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Best RV Wheel Chocks in 2022

(Camp Addict does NOT accept payment from any company to review or endorse their products.)

If there's one thing you want to have to secure your RV when parked, it's a pair of decent RV wheel chocks.

They keep your RV from rolling when it shouldn't be. Seeing your RV roll, even a short distance when it shouldn't be rolling is a VERY scary sight. 

You need RV wheel chocks to keep this from happening, even on level-looking surfaces.

Let's take a look at this important part of keeping your RV in its proper place!

Marshall wheel chocks

Marshall's X-Style Chocks. He Uses These With The YM Wheel Chocks.

Already know all about this subject? Just looking for the reviews? Click the button below to jump down to the product reviews.

What Are RV Wheel Chocks For?

To repeat the above, RV wheel chocks keep your rig from rolling away from where you intended for it to stay. For this reason, they should be put on your list of essential camper items.

Unquestionably, they are a pretty important thing to have, and you want to make sure that the ones you have WORK.

There's not a WHOLE lot to say about RV wheel chocks or trailer chocks aside from the fact that they should not even let your rig slip an inch.

YM wheel chocks in use Class C tire

Class C Motorhome Wheels Chocked

The X-Chocks Debate

X-Chocks are a product designed to keep your rig from rocking when you're inside walking around.

They have the word 'chocks' in them, indicating they should disallow an RV to move when in use.

However, whether or not to use X-chocks alone, as a chock, is a hotly debated subject. The manufacturer says not to use them as a 'parking brake' for your trailer.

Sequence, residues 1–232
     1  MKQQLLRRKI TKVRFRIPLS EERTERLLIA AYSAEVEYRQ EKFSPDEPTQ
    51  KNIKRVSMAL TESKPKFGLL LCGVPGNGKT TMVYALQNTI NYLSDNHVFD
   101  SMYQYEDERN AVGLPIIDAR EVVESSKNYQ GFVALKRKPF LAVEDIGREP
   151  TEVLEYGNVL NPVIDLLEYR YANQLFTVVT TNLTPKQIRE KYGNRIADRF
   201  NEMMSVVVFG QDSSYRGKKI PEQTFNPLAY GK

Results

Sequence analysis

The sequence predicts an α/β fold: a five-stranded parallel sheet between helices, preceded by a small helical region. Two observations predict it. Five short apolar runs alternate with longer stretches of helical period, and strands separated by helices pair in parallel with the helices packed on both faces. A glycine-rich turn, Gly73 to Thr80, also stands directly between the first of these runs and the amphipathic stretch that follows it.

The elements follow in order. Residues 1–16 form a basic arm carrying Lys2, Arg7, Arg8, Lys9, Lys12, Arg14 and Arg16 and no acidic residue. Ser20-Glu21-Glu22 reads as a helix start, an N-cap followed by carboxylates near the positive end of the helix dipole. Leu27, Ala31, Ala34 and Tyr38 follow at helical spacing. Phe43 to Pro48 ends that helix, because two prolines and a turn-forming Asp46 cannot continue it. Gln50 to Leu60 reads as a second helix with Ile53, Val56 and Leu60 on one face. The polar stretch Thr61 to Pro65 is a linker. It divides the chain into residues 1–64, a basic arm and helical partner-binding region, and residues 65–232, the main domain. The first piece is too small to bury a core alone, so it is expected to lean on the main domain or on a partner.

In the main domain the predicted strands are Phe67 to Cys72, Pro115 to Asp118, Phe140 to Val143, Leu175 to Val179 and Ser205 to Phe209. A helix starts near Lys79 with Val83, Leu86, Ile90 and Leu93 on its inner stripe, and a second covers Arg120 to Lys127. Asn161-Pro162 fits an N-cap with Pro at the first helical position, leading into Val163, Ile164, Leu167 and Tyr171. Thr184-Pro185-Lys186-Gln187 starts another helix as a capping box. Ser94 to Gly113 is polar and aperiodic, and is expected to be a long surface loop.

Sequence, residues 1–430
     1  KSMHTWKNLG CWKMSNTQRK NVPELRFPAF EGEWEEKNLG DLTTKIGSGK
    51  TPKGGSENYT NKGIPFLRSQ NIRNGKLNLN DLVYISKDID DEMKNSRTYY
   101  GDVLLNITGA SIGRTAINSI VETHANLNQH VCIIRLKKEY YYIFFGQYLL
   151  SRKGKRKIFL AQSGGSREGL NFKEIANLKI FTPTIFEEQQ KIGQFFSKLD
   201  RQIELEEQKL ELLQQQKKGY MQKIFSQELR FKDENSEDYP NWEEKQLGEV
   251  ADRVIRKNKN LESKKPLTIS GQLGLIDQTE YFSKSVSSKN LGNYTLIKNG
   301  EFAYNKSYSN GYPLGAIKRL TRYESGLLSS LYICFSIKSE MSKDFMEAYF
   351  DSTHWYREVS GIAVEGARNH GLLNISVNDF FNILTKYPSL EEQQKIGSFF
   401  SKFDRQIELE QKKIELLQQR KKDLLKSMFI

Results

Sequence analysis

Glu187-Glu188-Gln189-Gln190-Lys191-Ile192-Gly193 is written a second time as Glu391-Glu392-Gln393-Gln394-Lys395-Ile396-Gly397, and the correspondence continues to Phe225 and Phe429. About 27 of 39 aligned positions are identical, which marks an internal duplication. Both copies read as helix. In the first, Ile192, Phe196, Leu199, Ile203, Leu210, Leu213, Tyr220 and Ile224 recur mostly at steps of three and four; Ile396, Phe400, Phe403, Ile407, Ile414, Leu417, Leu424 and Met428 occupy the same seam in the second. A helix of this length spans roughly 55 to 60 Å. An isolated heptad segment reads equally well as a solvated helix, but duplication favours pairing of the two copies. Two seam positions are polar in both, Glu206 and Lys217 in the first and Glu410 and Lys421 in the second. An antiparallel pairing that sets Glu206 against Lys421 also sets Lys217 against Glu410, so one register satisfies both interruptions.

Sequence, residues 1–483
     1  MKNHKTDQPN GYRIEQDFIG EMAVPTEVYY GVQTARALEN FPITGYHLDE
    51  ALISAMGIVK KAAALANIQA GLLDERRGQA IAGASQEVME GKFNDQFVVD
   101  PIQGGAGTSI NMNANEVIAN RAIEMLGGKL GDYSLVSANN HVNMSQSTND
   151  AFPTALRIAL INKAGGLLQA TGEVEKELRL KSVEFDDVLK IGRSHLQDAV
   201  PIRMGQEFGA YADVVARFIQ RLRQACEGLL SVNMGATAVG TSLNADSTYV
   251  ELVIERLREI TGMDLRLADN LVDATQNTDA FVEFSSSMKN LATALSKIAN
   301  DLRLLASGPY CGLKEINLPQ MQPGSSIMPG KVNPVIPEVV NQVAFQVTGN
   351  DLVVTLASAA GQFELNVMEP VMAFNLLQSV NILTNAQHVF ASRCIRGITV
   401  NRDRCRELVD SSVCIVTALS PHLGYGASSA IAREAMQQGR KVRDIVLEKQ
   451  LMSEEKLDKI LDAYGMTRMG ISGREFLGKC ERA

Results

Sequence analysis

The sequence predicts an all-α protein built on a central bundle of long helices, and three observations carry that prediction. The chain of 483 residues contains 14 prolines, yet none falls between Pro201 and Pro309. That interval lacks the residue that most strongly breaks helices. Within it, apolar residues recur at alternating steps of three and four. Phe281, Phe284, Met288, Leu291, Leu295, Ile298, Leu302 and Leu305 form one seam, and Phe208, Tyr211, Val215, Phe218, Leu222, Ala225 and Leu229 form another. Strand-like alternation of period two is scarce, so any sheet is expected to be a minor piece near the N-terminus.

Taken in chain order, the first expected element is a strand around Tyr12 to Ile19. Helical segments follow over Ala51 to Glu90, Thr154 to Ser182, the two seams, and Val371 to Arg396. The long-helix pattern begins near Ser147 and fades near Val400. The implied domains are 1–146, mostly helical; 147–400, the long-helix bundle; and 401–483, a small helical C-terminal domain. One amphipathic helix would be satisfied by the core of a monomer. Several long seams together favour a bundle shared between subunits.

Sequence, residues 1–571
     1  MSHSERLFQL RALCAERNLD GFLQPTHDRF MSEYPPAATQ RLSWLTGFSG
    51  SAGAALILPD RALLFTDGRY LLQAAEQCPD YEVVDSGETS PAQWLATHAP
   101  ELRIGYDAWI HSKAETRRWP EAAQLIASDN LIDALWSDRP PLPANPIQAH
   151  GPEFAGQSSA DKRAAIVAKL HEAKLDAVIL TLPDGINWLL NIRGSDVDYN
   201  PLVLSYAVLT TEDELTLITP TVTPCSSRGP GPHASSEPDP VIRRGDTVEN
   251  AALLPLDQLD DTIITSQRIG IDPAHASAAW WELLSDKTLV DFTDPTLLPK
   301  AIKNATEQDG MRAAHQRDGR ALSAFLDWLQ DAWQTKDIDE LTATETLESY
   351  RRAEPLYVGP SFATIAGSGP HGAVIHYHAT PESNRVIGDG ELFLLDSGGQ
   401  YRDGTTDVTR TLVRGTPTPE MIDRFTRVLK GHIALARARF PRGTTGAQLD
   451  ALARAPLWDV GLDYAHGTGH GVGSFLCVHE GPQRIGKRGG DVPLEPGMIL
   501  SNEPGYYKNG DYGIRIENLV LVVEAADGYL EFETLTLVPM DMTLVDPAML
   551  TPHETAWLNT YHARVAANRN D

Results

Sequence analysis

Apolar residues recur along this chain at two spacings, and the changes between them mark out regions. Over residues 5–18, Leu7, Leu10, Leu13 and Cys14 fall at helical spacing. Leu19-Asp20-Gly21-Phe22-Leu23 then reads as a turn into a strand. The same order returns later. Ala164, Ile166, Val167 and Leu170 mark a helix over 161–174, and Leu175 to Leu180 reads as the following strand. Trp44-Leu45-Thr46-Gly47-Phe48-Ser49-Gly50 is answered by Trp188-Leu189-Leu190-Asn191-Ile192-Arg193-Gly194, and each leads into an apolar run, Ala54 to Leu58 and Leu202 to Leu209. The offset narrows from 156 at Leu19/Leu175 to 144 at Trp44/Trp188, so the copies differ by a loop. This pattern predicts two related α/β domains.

In fact, Marshall had a bad experience with his X-chocks, so we understand why they shouldn't be used without a 'real' chock.

However, some people have used them alone with no other chocking method for years without issue.

In truth, if you park regularly at very level campgrounds, you probably won't have any issue. Even so, we don't recommend using them without a supplemental chock.

Friends, such as Matthew and Celeste, below, have used them for over a year with no issues. However, it only takes one time for it to slip and roll with potential damage occurring. 

Still, people love X-chocks, as do we. They do a great job of keeping movement out of the RV. 

BAL X-Chock Testimonial

Wandering Nation Testimonial


Wandering Nation

When we purchased our first RV, I remember standing in the camp supply store and weighing our chock options.

Should we spend just a few dollars for the plastic, yellow type? Or should we unload a good chunk of change on the X-Chocks?

Looking to save $, we opted for the plastic yellow chocks and spent the next several years kicking ourselves for this decision.

Unwanted Movement

Every time we unhitched and set up our camper, we would watch the tires slip back just a little.

Those weak little yellow chocks couldn't stop the movement. We'd pray the jack didn't jump off the blocks in the front because of this slippage.

After more than a few good scares (we're full-timers who travel pretty broadly, so we unhitch quite a bit), we hopped online and ordered the X-Chocks.

Pleasantly Surprised

From the very first time we used them, we have been pleasantly surprised at how tightly they hold.

We've been using them for 6 months now and have not even had one slip or slide in that time.

They've been used in all sorts of places - sandy beach, rocky mountainsides, dusty creek beds, hilly slopes, etc.

We're still amazed they hold so well. The truth is that X-Chocks cost a bit more than the other chock options.

Worth It?

In our opinion, the extra cost is 100% worth it. Especially when it could prevent a major camper fall or even injury to the person setting up.

We will never go back, and like so many others, we're wondering how we survived so long without them.

Matthew and Celeste